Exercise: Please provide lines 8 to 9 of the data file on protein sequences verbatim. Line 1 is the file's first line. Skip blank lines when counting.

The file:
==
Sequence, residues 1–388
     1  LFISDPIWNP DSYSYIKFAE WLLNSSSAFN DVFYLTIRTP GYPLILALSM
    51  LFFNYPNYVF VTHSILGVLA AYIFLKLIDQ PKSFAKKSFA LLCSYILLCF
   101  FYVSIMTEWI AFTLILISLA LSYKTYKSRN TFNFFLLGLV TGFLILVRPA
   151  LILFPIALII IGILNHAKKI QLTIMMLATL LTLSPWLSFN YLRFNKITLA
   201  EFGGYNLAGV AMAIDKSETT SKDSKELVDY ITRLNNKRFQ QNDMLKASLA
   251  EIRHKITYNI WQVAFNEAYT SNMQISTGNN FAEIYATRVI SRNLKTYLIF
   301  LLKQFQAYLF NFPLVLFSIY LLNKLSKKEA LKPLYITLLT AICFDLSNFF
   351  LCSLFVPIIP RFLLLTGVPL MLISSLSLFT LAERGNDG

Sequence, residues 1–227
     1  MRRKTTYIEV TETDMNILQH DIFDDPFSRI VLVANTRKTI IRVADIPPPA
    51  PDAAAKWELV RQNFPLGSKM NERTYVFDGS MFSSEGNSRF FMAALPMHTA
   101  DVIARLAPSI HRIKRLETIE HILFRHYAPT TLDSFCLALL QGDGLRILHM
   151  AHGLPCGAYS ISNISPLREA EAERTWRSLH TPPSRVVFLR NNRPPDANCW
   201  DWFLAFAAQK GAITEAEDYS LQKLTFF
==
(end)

   301  LLKQFQAYLF NFPLVLFSIY LLNKLSKKEA LKPLYITLLT AICFDLSNFF
   351  LCSLFVPIIP RFLLLTGVPL MLISSLSLFT LAERGNDG